Can you see yourself as a doctor or surgeon working in a hospital for your career? Or do you see yourself as a more technically specialised professional working in computing?

There are no right or wrong answers here: one of the biggest favours you can do yourself is simply to learn more about each option.

Is Medicine Harder Than Computer Science?

If we do compare the two courses that you could study at universtiy, which is generally considered the more difficult of the two?

Broadly, medicine is considered a more difficult degree than computer science. Medicine courses are two years longer than a standard undergraduate computer science course and generally have more intense, longer contact hours towards the end of the program.

Graduating from any course at university is an achievement, but medicine programs can undoubtedly be a bit more of a slog than others.

The high volume of subject matter, long hours and difficult exams makes graduating as a doctor no mean feat.

However, if you’re considering going to medical school, I wouldn’t let fears about the difficulty of the course put you off.

I’m not going to say there won’t be late nights, early starts and frantic revision sessions but if you have a passion for medicine then I can confidently tell you it’s all completely worth it.

This all isn’t to say a computer science degree is a walk in the park.

Your subject matter will be far more technical than medicine, with concepts that can actually be far harder to grasp, but out of the two it is comparatively easier.

Do Programmers Make More Than Doctors?

Although they say money can’t buy happiness, it certainly can help!

As a programmer or doctor then are you more likely to make more money?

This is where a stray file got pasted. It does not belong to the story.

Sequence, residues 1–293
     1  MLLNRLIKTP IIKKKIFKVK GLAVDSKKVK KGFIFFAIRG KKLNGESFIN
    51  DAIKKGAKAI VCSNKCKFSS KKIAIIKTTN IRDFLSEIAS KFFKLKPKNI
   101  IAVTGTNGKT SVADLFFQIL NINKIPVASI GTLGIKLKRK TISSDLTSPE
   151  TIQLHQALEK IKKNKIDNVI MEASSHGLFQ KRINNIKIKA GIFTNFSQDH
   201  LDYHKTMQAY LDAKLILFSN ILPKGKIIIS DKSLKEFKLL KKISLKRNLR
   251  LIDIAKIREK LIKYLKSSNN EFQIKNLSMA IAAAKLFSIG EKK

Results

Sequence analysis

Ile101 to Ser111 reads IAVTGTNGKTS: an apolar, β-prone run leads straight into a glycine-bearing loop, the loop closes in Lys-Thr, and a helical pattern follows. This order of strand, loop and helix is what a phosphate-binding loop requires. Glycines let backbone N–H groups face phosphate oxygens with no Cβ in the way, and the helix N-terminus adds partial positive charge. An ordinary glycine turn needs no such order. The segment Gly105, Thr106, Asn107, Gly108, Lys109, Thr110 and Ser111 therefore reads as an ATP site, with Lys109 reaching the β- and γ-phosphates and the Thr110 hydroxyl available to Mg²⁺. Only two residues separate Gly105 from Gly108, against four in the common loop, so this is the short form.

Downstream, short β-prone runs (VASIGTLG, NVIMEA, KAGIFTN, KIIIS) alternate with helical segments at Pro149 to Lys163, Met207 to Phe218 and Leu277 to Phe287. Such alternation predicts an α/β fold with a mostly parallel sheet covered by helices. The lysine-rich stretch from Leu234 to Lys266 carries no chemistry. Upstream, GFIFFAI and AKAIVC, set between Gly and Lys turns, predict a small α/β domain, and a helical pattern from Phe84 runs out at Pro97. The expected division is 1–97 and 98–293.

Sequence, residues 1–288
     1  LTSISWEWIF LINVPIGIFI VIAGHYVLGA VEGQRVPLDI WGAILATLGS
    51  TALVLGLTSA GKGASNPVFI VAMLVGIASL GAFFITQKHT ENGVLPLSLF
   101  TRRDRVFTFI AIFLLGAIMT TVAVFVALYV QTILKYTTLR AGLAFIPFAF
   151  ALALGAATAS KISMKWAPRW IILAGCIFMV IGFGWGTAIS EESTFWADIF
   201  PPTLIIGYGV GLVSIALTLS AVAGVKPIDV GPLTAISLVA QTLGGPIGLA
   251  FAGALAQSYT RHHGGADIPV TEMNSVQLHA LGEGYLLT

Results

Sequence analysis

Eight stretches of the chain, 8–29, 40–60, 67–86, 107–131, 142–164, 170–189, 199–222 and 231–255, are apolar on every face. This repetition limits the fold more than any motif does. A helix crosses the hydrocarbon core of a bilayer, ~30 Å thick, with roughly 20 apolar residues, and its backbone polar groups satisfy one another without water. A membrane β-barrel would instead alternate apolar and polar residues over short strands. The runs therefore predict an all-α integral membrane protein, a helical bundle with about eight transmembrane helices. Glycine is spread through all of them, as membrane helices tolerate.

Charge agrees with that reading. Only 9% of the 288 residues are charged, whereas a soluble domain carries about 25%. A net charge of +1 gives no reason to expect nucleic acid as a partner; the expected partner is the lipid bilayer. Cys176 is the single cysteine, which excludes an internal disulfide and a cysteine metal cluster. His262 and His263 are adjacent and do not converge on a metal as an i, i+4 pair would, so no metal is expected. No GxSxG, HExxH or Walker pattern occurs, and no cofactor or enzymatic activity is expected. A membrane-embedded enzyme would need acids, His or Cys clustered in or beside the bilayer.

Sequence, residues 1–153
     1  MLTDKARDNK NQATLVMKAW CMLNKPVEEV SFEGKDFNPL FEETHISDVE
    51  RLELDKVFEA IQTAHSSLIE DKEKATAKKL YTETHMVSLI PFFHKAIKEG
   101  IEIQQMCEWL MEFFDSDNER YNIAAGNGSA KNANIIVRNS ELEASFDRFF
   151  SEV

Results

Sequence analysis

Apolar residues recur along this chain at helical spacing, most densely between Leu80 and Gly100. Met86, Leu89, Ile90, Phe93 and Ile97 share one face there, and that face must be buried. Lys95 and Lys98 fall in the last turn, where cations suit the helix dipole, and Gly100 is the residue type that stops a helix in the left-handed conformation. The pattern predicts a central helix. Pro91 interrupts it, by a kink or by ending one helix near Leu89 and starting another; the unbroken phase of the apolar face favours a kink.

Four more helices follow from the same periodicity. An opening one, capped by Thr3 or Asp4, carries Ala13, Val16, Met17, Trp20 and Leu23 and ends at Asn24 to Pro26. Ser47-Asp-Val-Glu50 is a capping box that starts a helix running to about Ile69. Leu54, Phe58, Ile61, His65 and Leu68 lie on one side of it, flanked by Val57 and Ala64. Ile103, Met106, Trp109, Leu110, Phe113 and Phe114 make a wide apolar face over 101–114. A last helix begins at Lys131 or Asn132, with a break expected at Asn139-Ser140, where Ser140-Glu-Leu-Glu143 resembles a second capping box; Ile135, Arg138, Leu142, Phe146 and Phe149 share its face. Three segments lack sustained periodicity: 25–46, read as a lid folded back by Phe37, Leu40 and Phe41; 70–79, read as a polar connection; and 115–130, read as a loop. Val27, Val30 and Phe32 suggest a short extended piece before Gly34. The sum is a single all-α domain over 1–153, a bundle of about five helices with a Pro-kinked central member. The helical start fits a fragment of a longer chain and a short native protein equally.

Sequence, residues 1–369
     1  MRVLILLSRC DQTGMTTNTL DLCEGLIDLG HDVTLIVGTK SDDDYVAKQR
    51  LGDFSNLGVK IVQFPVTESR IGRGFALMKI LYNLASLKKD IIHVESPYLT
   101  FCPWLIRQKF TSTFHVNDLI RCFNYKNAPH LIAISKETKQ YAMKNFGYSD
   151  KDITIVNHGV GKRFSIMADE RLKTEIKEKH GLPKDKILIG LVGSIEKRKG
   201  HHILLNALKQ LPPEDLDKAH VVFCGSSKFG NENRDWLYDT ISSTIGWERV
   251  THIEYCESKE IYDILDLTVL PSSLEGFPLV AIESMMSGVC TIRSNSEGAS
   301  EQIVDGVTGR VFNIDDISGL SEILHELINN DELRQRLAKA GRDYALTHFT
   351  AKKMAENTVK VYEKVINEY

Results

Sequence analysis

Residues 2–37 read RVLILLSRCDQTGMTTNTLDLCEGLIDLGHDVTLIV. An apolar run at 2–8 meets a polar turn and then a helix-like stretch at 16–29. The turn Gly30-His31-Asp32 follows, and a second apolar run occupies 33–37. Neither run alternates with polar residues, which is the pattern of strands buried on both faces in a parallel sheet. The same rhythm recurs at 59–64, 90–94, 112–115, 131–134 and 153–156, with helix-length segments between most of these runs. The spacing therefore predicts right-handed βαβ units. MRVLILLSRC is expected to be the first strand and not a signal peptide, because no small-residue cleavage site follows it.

Doctors, one average, earn more than programmers. An average salary in medicine is approximately £76,000 compared to £57,000 for IT. Top programmers are, however, more likely to earn more than top doctors who generally have a more uniform earning potential.

Working in the NHS, there’s a fairly regimented pay scale that you progress up over your career as a doctor.

As you become more specialised and more senior, you earn more money.

Programmers on the other hand can have far wider ranging salaries.

The difference in pay between the top programmers and a below average programmer will be far more than that for those of us working in medicine.

There are always going to be exceptions to the rule, but I’d say an average doctor will earn more than an average programmer.

At the very top end however, I would imagine this trend reverses.

Is It Harder To Become A Doctor Or A Programmer?

To get into medical school you’ll broadly need at least three As at A-level.

Computer science course requirements on the other hand range from CDD to AAA.

Medical schools also interview every applicant they’re considering accepting as well as nearly all of them requiring candidates to sit the UCAT.

Neither of which is standard for computer science as an undergrad.